"Windows 7 hands down beats OSX in every possible catagory, it's fast, sleek, good looking, huge range of software, oh, and it runs OSX in VMWare."
I think he got it the other way round...
Either case they're all evil bastards M$, Apple.. which means the only dilemma I have now is ... choosing the icon..
I choose jobs.. cause Apple fanbois are so smug.
The smugness of launching the "I'm a Mac, I'm a PC" campaign right around the time they switched to the same crappy x86 arch used in el-cheapo PCs was astonishing. It also served as a showcase of "look, the Mac dude feels superior!" which has been Apple's attitude as of late. Anyway, good riddance to that campaign, lets see what they'll bring now.
I have a feeling that the reason they are abandoning the adverts is they are concentrating more on the iPhone, iPod and the iPad. They are becoming minted with these and iTunes. I have a feeling that the next version of Mac OSX will be more like the iPad with touch screen display and so on.
IBM was successful it getting the generic "PC" to mean IBM (and compatible) machine.
MS was successful in getting the generic 'windows' to mean MS windows.
Apple, through this campaign, have now got people assuming that 'PC' means "Computer running MS windows"
I own a PC, but there's nothing MS on it dammit!
If you're running what I think you're running...Nooooo, boy, Not PC.
No, boy, you own a 'box' (plural boxen). Another acceptable term is rig.
And remember, there is always something annoying about that said box that you will constatnly grumble about. Some imperfection. Like not being able to overclock past 4.3 Ghz or something. Even if there isn't you make one up. Sort of like your wife. For many of you, that's probably the closest you'll get to having one anyways :P
Never EVER EVER say you own a PC ;)
( But seriously, not kidding now, yours is the smartest post here yet. Nail right on the head. Thumbs up! )
They claim "The Worlds most advanced operating system". That is an outright lie, both Windows and OSX have absolutely primitive file systems, NTFS and HFS are absolute dinosaurs.
How can you have the worlds most advanced os, with crappy file systems?
I won't claim Linux as the worlds most advanced file system, but at least EXT4 is a modern file system & Linux has decent memory and process management.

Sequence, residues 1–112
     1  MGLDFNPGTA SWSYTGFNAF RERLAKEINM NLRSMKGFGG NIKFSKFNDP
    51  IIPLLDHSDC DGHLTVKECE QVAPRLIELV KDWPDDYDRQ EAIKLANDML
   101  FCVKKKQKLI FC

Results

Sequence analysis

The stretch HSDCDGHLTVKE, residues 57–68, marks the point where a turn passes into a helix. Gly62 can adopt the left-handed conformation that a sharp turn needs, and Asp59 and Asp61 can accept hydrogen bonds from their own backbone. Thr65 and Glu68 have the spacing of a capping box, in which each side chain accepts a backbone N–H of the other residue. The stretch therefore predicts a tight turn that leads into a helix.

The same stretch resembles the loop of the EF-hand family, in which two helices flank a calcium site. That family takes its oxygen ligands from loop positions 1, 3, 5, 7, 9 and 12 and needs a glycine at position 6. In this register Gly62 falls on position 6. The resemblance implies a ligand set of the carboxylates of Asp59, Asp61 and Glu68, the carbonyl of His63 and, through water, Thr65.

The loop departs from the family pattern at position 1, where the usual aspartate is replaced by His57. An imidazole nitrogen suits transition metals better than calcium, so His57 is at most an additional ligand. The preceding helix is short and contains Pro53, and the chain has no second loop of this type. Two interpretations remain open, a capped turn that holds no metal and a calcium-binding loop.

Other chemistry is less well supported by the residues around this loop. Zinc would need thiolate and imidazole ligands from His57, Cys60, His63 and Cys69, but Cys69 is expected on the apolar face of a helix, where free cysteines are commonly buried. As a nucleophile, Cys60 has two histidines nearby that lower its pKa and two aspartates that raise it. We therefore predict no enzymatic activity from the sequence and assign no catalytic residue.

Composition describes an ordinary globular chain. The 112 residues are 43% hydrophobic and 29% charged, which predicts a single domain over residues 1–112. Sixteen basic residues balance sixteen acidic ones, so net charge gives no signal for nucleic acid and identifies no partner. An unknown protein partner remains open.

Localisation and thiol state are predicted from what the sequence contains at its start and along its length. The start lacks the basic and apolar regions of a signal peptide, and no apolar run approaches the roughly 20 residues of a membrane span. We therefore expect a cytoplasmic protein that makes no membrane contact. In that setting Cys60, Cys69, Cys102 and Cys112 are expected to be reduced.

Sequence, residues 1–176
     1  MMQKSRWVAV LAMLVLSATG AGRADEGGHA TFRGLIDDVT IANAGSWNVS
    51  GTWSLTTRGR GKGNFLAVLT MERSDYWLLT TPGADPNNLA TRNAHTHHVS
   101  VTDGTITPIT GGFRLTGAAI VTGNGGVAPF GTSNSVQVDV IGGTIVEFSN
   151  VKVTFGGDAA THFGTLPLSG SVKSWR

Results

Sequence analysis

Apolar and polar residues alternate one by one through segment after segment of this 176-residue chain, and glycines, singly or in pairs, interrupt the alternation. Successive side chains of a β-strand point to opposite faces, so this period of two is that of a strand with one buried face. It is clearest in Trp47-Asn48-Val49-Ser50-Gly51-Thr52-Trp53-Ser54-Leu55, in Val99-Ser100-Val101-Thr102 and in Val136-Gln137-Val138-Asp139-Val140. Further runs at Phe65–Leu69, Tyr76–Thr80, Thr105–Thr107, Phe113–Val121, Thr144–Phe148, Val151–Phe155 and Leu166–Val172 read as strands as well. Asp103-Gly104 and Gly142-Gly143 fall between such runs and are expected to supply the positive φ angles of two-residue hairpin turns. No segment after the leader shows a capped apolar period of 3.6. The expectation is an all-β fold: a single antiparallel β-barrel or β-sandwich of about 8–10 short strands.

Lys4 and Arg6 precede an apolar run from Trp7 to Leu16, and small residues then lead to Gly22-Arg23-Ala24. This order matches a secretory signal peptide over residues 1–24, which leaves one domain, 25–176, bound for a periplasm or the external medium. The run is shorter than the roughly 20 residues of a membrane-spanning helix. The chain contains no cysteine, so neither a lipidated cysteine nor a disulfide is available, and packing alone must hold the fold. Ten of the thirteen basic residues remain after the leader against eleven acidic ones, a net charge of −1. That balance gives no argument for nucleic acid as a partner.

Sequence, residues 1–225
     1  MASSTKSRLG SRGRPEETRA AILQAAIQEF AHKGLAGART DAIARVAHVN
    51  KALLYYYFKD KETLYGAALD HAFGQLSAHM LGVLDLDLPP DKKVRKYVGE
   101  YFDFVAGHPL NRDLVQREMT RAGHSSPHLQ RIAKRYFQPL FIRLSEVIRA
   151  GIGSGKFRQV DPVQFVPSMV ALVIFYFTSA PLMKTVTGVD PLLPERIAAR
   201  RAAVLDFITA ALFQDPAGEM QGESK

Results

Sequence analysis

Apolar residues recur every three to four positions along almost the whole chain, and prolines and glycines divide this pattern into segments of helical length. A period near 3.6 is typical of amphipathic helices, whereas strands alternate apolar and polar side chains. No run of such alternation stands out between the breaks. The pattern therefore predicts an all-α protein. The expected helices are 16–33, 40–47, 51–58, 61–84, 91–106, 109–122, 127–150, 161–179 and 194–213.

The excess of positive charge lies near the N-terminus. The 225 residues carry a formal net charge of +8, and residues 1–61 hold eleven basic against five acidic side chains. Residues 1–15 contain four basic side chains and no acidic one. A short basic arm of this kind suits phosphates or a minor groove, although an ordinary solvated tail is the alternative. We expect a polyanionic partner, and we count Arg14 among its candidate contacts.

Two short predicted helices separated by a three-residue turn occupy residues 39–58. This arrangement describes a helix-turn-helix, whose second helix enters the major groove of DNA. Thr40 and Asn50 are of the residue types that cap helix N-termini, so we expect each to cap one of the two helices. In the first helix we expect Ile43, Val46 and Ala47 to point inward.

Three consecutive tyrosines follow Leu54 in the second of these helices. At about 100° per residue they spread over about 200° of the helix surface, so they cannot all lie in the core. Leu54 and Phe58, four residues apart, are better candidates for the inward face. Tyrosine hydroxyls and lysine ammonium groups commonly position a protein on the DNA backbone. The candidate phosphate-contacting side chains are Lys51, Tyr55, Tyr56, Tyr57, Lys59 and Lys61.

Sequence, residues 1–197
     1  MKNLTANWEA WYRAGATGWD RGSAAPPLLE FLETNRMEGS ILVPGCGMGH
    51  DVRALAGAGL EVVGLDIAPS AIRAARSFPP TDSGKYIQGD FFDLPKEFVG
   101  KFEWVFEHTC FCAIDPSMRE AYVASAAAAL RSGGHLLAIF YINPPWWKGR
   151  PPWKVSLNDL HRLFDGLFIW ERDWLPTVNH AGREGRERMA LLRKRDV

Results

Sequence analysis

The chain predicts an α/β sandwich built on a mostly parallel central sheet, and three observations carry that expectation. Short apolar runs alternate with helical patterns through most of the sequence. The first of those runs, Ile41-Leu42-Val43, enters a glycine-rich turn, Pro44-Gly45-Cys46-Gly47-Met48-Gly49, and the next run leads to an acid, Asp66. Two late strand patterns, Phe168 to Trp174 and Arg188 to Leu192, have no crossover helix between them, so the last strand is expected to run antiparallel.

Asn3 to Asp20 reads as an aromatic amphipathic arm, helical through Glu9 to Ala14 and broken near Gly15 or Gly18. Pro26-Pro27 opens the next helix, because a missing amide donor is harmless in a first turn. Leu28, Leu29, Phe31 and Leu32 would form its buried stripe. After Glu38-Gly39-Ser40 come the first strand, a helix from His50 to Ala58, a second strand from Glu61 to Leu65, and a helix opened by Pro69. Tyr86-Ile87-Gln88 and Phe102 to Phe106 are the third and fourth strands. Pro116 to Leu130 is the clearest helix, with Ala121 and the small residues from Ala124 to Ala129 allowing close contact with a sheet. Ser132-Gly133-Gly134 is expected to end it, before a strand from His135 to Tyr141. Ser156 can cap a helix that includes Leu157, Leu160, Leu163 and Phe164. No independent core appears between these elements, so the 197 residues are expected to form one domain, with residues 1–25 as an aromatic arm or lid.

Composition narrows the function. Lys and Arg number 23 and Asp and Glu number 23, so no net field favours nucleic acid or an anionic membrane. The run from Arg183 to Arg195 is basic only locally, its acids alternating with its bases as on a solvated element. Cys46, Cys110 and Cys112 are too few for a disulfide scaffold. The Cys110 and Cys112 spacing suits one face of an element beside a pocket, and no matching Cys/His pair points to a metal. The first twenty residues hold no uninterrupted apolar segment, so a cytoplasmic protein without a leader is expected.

The funny thing is the get a Mac ads were supposed to take the piss out of Windows PCs and as anyone knows if someone calls you names to take the piss revel in them !
Microsoft took the Apple ads and made very funny I'm a PC ads, pretty sad Apple, can we have new Apple ads without the smug please ?
Not "why have they dropped it?" but "why is this news?".
It's rare for any advertising campaign to run for more than a few months these days. Once upon a time advertising that seemed to work could be used for decades, after all, Guinness is good for you. The advertising game has changed and corporations are suckers for it. They believe the marketing men who tell them they need a new campaign every few months and the marketing men have a vested (junket!) interest in telling the execs this.
So the real story is not that the campaign has come to an end, but that it lasted so long.
It worked. The proof that it worked was how much it got under Microsoft's skin. Microsoft's own "I'm a PC" adverts prove how well it worked. Had the original campaign not worked so well why would MS have felt the need to run their campaign? It's incredibly rare for a campaign to have generated so much interest in the mainstream media. It's unheard of for an ad IT campaign to manage this. All the sad little commentards using this discussion to further their pointless arguments about the superiority of one OS over another are missing the point. It was never the message of this campaign that was important, nor was it the product being advertised, it was the campaign itself that was clever.
MS could have run with the same campaign themselves had the advertising company come to them first. "I'm a PC and almost every software package you can buy will run on mew." "I'm a Mac and 95% of the software you can buy won't run on me." (No Mactards don't start flaming me, Wintards don't start agreeing - it's just an example.) But when MS and their fans did start doing it, it came over as desperate. Why couldn't they come up with an equally original campaign. Probably because original isn't something Microsoft excel at (see what I did there?).
I suspect that Apple probably intented the campaign to run for a few weeks or months, but the reaction that it got from MS and particularly from Windows fanbois convinced them to keep it going for much longer.
The only thing I hated about the whole campaign was the assumption that PC = Windows. Yeah, alright the vast majority of PCs run Windows, but it was yet another advertising campaign that furthered public ignorance.
"Microsoft took the Apple ads and made very funny I'm a PC ads"
What? Have Microsoft made a whole load of ads that I didn't see? The MS "I'm a PC" ads are not funny, nor do they appear to be intended to be funny. Which to an extent played into Apple's hands. The total lack of any sense of humour just confirmed what Apple had been saying: "I'm a PC, I wear a suit, I'm boring, I have no sense of humour, I drive a Mondeo*, I have no sense of fun, I'm only interested in getting more work done faster" is the message I take from Microsoft's "I'm a PC" campaign.
The weird thing is that there was a time when Windows would run on hardware other than Intel, there are other OSs that run on PC hardware and MS don't own or even claim to own the name PC - so why are they running this campaign at all? "I'm Windows" would make more sense.
*Cue flames from Ford drivers, particularly those who own a Mac.
...but then realised that, for literally half the price, I could buy a considerably more powerful machine.